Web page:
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how horse sport is coping – and what the long run holds


  • The way eventing is coping with the hot dry weather – and what may lie ahead – have been brought into focus with this summer’s challenging weather.

    The topic came up at the Horseracing Industry Conference (news, 28 July) and many issues cross directly into the wider sport horse world.



    British Eventing (BE) chief executive Helen West praised the extra measures fixtures have gone to this summer, and acknowledged challenges on the horizon.

    She added that organisers are already good at contingency planning, for example shade, water and earlier start times where possible, to look after all involved at events. BE also liaises with teams on contingencies, such as shortening courses or reducing speeds, and has ground preparation machines available for organisers.

    She points out it is a combined responsibility – shared by competitors, as well as BE and organisers. This comes under individuals knowing their own horses’ fitness and preparation levels, looking at their travel logistics, and planning accordingly.

    But looking ahead, a changing climate could spell more challenges in future.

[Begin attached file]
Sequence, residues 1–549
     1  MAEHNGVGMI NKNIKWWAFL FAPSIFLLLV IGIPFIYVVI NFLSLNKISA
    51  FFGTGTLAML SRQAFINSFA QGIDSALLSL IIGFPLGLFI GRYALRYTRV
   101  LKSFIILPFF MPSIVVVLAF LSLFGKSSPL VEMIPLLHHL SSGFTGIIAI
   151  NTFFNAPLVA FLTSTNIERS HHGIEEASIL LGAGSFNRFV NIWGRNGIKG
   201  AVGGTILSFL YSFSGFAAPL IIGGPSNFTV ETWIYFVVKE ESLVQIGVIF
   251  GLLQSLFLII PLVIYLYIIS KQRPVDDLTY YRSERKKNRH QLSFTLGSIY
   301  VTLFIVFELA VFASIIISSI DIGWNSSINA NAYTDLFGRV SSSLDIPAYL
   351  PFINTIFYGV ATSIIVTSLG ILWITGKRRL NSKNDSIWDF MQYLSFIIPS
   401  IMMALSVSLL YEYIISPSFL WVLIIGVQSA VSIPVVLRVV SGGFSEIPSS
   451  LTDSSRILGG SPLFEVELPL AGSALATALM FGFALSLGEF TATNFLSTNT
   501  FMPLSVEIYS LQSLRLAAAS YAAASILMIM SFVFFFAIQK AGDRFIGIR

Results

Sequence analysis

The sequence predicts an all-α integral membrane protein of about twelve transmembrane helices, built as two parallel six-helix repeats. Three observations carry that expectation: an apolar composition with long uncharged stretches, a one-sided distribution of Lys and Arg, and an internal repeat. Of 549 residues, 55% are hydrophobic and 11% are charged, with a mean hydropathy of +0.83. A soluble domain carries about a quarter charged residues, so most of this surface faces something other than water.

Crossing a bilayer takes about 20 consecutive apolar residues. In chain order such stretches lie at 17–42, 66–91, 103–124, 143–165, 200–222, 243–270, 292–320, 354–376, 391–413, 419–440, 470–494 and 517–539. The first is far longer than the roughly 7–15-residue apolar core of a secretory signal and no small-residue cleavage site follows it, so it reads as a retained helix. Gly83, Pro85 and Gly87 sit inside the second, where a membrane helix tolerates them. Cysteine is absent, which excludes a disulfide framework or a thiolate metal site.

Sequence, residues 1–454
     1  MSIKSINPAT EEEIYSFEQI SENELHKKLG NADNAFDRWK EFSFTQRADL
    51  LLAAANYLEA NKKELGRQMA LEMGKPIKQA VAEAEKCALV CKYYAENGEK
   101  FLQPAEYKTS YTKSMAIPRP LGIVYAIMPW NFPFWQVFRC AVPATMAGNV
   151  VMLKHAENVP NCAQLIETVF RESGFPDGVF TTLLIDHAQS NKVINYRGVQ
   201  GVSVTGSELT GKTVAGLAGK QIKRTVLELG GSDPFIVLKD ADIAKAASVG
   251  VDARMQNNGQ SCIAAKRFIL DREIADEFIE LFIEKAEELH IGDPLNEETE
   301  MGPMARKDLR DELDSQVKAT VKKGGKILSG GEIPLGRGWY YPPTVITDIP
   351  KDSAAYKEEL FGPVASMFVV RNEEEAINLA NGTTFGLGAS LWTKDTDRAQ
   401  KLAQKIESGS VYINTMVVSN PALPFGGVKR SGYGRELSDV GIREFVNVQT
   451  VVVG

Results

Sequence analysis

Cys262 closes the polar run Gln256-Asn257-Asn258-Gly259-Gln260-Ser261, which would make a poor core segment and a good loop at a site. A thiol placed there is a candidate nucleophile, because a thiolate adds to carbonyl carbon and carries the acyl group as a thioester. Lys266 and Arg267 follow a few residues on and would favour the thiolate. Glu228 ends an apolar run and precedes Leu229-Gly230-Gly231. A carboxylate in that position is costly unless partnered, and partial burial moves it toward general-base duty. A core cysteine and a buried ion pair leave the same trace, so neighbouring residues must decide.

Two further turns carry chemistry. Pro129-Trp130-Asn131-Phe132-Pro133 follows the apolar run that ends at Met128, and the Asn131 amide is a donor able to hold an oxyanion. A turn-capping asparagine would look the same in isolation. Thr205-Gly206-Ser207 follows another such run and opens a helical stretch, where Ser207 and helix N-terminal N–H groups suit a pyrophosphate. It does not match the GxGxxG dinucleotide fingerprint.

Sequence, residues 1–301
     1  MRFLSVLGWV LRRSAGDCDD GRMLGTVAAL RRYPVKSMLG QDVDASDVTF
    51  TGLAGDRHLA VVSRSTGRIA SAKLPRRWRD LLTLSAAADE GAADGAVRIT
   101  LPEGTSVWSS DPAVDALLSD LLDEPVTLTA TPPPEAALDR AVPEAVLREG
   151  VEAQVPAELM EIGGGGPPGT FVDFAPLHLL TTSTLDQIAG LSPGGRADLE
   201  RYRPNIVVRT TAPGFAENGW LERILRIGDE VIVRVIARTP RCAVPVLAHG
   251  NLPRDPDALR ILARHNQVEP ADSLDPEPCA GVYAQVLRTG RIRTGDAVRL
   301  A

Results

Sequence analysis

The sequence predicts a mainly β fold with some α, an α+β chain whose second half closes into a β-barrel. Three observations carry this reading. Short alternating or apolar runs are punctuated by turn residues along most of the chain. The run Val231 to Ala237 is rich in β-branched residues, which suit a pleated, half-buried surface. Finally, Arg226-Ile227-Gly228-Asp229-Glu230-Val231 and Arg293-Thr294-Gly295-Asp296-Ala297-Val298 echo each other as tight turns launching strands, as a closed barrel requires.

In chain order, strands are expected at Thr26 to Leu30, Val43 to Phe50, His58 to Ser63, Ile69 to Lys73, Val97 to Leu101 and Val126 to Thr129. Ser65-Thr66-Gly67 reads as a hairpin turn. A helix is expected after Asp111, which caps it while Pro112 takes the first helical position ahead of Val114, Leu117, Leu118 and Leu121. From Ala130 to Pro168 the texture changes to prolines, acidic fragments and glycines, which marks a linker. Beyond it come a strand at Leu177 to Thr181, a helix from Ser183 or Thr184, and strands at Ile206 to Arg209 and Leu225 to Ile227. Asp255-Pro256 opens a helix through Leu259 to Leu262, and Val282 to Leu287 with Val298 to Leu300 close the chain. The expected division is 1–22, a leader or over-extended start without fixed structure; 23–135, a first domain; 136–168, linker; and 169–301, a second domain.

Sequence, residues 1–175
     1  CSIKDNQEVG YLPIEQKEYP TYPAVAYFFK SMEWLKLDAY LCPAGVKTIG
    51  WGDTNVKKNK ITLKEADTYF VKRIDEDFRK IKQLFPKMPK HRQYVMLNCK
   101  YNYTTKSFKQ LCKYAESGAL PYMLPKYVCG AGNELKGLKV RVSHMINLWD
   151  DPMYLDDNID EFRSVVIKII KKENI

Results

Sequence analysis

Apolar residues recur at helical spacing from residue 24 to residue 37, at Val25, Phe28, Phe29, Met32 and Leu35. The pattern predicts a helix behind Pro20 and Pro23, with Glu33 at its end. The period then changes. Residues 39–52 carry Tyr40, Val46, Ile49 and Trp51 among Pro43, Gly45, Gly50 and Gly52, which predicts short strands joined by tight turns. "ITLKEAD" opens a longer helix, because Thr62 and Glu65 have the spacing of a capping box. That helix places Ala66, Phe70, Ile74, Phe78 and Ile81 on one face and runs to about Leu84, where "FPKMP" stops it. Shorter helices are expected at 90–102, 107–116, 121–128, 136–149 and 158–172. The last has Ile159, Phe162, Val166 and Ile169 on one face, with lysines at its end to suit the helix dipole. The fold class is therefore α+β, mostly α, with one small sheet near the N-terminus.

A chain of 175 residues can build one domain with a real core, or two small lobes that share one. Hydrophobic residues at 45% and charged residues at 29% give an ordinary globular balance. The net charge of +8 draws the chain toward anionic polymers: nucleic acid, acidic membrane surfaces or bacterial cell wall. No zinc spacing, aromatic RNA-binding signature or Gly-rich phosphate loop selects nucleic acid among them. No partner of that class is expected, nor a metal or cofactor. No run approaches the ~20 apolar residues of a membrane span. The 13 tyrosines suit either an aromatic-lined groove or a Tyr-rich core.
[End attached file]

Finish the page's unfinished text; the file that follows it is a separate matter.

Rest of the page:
“There’s no two ways about it, it is going to become more of an issue with the weather patterns. It isn’t something we are used to,” she told H&H.

    She added that eventing needs to be “ahead of the curve” as far as possible to understand what challenges are on the road ahead and how it can prepare. It’s on their radar, as is a desire for further understanding of going conditions at all events.

    And work has already started. British Equestrian announced on Monday (22 August) that it is tendering for a research partner to focus on environmental sustainability, with the contract running from October 2022 to January 2023.

    Recent examples of venues “going the extra mile” include Aston-le-Walls, where organiser Nigel Taylor installed permanent horse showers in the cross-country finish area and has received much praise for the ground conditions. That praise is mirrored in entry numbers.

    Nigel told H&H the team has dug boreholes and ponds to ensure it has its own groundwater supply at both ends of the site.